FIG. 4 shows an example of the present invention implemented in a two-tier web application. Generally speaking, the present invention modifies an execution environment for a scripting language, e.g., a virtual machine in the front/middle end 403 of the web application, in order to include its original functionality, plus additional functions and modules that implement security and privacy policies.

These added functions may include modules, which may be generically referred to as “security modules,” (e.g., 402 and 404) that tag the data supplied to the web application by the user and the data created and/or output by the application. The security modules act to ensure that these tags are associated with the data throughout the entire web application. Using these tags, the present invention seeks to block and/or record unauthorized behavior, as established in predefined security policies. The security modules also apply tags to implement a predefined privacy policy, which determines how data may properly be distributed by the web application.

Potential attackers may appear as arbitrary web users (e.g., 101) connected to the front end 403 of the web application through their web browsers 400. As discussed above, when a user issues a page request, the firewall/IDS 401 analyzes the request and lets it pass or blocks it based on conventional security parameters. As discussed below, a first security module 402 is implemented in the augmented execution environment of the scripting language, e.g., a virtual machine, where the front/middle end 403 runs, so that the first security module 402 is functionally positioned between the firewall/IDS 401 and the front/middle end 403 of the web application (as depicted in FIG. 4), thereby intercepting data passing between the user and the web application.

As further discussed below, the security module 402 tags every piece of data that is stored in internal variables in the web server “user-provided,” so that a security and privacy policy can be effected with respect to the data. The security and privacy policy configuration may be stored in a privacy policy module 407. As a further example, all the data coming from a particular input field, from a given web page generated by the web application, may be tagged as “private.”

As further discussed below, a second security module 404 is implemented so as to be functionally positioned between the front/middle end 403 and the back end APIs (e.g., 405 and 406). This second security module 404 thereby intercepts data generated by or retrieved by the back end APIs, before the data is passed to the front/middle end 403 to be output by the web application. The data retrieved from the back end APIs (e.g., 405 and 406) is tagged as “user-provided.” Likewise, the front/middle end 403 web application may retrieve stored tags for elements stored, such as data stored in the databases 405, files stored in the filesystem 406, etc. Tags may be assigned, for example, on a per column basis in a database 405, and per file basis in the filesystem 406.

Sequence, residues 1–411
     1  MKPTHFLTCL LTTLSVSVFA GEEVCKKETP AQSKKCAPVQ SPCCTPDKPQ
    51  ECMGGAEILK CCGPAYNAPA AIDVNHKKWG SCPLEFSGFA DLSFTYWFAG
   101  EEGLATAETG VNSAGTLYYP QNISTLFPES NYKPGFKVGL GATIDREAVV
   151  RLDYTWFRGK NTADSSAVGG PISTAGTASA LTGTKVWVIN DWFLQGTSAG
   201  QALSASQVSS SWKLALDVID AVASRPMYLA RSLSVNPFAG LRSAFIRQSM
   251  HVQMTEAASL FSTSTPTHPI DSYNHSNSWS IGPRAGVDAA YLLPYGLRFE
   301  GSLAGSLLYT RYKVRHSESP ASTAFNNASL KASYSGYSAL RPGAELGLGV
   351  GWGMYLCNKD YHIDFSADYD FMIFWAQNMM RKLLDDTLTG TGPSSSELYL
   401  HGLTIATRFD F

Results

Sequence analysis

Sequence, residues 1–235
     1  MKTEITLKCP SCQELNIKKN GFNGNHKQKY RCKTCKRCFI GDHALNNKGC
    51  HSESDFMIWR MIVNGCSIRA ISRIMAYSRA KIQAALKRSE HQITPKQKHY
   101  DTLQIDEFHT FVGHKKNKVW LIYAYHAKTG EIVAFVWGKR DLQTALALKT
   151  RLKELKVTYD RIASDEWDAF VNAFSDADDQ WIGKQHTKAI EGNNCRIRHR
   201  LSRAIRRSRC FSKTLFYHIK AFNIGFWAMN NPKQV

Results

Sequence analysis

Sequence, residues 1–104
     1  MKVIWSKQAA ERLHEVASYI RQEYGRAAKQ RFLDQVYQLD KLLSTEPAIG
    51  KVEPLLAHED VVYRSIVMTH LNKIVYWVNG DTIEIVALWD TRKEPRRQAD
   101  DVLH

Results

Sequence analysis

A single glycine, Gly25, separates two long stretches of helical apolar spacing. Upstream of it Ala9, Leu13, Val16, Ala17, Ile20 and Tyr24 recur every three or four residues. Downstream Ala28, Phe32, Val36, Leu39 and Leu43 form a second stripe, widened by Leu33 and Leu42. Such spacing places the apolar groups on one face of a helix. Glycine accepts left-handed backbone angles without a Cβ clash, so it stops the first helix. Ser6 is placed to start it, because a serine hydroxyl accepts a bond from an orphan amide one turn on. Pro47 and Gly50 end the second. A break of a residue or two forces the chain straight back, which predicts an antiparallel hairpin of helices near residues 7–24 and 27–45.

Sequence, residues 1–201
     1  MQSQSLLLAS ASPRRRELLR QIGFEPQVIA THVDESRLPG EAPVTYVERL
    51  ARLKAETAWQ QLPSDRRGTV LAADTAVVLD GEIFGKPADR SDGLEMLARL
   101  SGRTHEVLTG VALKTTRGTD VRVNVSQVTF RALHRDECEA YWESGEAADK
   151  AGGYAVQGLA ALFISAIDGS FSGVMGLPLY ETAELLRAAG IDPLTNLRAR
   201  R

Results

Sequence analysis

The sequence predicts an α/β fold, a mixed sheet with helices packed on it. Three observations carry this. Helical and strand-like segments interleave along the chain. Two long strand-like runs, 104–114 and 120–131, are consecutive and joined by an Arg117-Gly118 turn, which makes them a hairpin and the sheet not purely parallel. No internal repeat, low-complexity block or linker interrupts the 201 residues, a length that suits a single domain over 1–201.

For example, the second security module 404 analyses all commands sent from the front/middle end 403 to the database 405 API and detects attempted database-injection attacks by parsing these commands and having a lexical analyzer decide whether an attack is taking place based on the characters contained in these commands and their “user-provided” tag. The security policy includes the option to block these database commands and/or record them in a log file.

FIG. 5 shows an example of the present invention implemented in a three-tier web application. As above, the user runs a web browser 500, which interfaces with a firewall/intrusion detection system (IDS) 501. A first security module 502 is implemented in the virtual machine of the scripting language of the front end 503, so as to be functionally positioned between the firewall/IDS 501 and the front end 503 of the web application (as depicted in FIG. 5), thereby intercepting data passing between the user and the web application. A second security module 505 is implemented so as to be functionally positioned between the middle end 504 and the back end APIs (e.g., 506 and 508). This second module 505 thereby intercepts data generated by or retrieved by the back end APIs, before the data is passed to the middle end 504, and in turn to the front end 503, to be output by the web application. The first 502 and second 505 security modules may be configured to communicate with a privacy policy module 507, which contains the security and privacy policy configuration information.